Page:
F. Guffey
     
  15. butchlambert

    butchlambert Site $$ Sponsor

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    So what is bump if it isn't bumping the shoulder a couple thousandths? Also is bumping the shoulder back a couple thousandths going to swell your case somewhere? I just bumped a couple pieces of Lapua that is formed into 6mmppc. Both my tenth micrometer and using a fixture to hold my brass in a vee block showed no change in body dimension. Yes, I have custom dies.
    fguffey, I guess you could experience this if you bumped the shoulder several thousandths.
     
  16. BoydAllen

    BoydAllen Site $$ Contributor

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    As you have pointed out, times and terminology change. For a long time the word bump, when applied to case sizing, has referred to setting a FL, body, or bump die so that the position of the shoulder of the case being sized relative to the cases head is moved by some given amount, to create sufficient clearance so that the case can be chambered without excessive force being required to do so (in a bolt action) or in semiautomatics so that reliable functioning is achieved. The common term for setting up a die so that some resistance is felt at the top of a presses ram stroke, that is slightly lessened as the ram retracts very slightly at the point where the press linkage stops the motion of the handle, is toggle, used in other fields to describe a linkage that goes over center to be secure in its closed or extended position. Frankly I am surprised that you would have any confusion on these points, since these words have been used this way for some time. I have been reloading for close to three decades, and I have not seen the usages that you refer to in print in that time, and I have read as much as I could find on the subject, including manuals that go back to around WWII.
    As far as bulging shoulders by pushing them back a thousandth or two goes, that has not been my experience. I only have one die that can be described as a bump die. It supports the body of the case but does not reduce its diameter, has provision for a neck bushing, and may be set to push back cases shoulders. Of course neck dies are not made to bump case shoulders.
     
  17. fguffey

    fguffey

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    “fguffey, I guess you could experience this if you bumped the shoulder several thousandths”

    Butch Lambert, I could, if I could manage to train the die to hit the shoulder before the die came in contact with the neck, then the case body, and finally the shoulder. I do not have a chance.

    I form cases with short dies, the first contact the die makes with the case is at the shoulder, after contact the first part of the case that forms is the case body, without the case finally getting support below the shoulder the case would collapse, bulge or fold. For me there is nothing before sizing, if there was it could be called neck sizing with a full length sizer die and or a case body sizing without contact with the shoulder, again, when the case body is sized the shoulder moves/forward in the form of an arch, so it could be said the first contact the shoulder of the case makes with the die is the radius created when the shoulder is pushed up when the case body is reduced in diameter.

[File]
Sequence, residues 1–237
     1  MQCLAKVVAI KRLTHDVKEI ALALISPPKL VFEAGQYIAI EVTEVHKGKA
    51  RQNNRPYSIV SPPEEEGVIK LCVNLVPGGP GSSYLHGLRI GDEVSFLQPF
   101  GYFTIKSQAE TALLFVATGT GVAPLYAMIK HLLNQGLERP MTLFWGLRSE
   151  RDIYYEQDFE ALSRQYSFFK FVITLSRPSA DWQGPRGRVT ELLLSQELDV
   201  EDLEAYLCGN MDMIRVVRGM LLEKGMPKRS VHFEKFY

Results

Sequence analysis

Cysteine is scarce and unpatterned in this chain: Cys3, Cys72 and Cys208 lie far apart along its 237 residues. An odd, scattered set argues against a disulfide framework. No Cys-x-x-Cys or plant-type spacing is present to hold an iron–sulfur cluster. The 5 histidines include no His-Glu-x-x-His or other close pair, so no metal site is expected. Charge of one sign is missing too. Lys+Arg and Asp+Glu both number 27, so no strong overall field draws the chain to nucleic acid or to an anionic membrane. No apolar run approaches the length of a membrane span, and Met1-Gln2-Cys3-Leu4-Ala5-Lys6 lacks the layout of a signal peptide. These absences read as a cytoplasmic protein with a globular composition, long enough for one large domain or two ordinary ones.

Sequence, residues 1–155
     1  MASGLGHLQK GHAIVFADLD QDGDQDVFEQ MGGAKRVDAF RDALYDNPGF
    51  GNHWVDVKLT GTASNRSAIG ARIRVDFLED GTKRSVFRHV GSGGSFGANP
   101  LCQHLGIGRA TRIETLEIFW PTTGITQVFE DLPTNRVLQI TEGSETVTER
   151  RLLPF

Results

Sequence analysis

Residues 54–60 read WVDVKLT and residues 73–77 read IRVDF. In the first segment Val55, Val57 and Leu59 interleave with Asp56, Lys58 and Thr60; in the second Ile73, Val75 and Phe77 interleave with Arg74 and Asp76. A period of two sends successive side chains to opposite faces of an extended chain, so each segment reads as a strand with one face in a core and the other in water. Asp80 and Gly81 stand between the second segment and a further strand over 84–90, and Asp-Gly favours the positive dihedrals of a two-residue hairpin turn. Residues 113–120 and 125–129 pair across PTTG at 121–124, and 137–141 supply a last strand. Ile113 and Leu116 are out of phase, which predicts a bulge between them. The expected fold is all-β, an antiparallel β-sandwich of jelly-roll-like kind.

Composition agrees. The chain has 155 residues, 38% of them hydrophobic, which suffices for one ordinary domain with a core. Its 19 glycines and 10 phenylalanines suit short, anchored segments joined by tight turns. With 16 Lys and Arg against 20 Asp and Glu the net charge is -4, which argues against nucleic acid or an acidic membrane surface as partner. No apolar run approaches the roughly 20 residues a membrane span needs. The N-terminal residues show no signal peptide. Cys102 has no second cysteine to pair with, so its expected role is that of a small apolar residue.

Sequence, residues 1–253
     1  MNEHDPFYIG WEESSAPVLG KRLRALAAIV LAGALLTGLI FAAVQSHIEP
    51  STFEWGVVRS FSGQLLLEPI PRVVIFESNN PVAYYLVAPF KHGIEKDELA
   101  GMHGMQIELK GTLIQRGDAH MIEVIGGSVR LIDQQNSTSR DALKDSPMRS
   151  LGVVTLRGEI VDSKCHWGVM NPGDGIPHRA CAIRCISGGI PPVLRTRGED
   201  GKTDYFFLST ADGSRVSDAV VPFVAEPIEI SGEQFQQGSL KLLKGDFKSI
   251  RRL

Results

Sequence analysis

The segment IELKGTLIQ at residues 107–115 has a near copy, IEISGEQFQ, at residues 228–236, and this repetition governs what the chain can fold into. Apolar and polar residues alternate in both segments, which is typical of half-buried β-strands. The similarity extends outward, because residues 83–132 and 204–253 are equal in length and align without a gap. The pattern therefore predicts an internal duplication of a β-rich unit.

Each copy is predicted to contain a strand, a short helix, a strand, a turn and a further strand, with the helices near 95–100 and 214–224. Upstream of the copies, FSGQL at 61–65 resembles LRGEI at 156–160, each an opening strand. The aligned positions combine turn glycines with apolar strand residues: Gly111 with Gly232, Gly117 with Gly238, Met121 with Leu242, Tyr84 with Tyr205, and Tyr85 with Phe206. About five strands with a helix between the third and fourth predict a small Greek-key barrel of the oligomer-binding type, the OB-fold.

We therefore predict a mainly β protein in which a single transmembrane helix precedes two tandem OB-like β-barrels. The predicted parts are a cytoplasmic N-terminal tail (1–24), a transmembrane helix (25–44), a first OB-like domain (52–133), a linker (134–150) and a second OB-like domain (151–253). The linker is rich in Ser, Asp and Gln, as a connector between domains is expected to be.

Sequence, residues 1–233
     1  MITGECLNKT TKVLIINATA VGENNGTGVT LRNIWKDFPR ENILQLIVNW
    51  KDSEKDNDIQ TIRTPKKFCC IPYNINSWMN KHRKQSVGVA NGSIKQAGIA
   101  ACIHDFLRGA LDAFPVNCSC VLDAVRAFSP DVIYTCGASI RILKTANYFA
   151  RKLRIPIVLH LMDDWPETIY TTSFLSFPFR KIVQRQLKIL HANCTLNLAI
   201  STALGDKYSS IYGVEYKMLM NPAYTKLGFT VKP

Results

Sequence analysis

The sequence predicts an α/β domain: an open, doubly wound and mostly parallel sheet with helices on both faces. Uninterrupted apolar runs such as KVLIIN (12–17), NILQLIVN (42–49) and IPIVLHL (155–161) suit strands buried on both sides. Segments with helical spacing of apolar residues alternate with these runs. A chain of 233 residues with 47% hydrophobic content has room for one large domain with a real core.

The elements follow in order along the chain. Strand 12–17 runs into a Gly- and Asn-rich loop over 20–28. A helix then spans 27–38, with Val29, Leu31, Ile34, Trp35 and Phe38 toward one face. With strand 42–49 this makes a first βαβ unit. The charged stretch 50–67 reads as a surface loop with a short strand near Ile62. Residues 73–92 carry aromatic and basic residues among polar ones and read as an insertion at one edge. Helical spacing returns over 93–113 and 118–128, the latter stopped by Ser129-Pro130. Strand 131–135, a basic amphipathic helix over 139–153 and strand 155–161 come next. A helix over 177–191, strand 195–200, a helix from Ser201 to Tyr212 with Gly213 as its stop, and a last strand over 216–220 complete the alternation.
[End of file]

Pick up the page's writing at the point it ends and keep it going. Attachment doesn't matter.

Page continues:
F. Guffey
     
  18. butchlambert

    butchlambert Site $$ Sponsor

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    In the "olden days" I made a die that would size the body only all the way down. I had to trim the shell holder down to get the ram that low. I have bump dies, and I no longer have any neck dies, except for a couple hunting rounds. If you make a custom die to size your brass body to your desired dimension and make a .001 bump if necessary, you are not overworking your brass. Take a chamber cast and compare it to your sized case.
     
  19. fguffey

    fguffey

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    The deck height of the shell holder is .125”, “I made a die that would size the body only all the way down” if a shell holder is involved the case can not be sized “all the way down”, it is possible to increase the ability to reduce the length of a case from the shoulder to the head of the case, simply grind the top of the shell holder to reduce the deck height. My opinion, grinding the bottom of the die and or top of the shell holder is a bad habit. Making a shell holder adapter that had the appearance of a rivet punch would have allowed sizing the case “all the way down” if the die die not have a taper ‘and’ was opened ended, just simply push the case through the die, all the way.

    In the old days and making dies, there are dies that were made by smiths that made their reamers for cutting chambers, after cutting the chamber they reduce the deamination of the reamers to cut the die. I was asked to make some dies and or modify dies made in the late 50s / early 60s, the smith that made the dies was a genius and a friend of P.O. Ackley.

    I never get tired of someone telling me to make a chamber case, I do not have less that 24 pounds of cero-safe/casting material, I have never found it necessary to case a chamber, dead end hole micrometers, transfer calipers, and arbor presses, back to that part where I find it impossible to bump the shoulder, to bump the shoulder the case body must be supported.


    F. Guffey
     
  20. butchlambert

    butchlambert Site $$ Sponsor

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    Methanks that you just want to argue for argument's sake. I will leave it at this. I make my own full length dies with a reamer that Dave Kiff made based on my chambering reamer. It works, I have no click raising my bolt to extract and It does not over work my brass.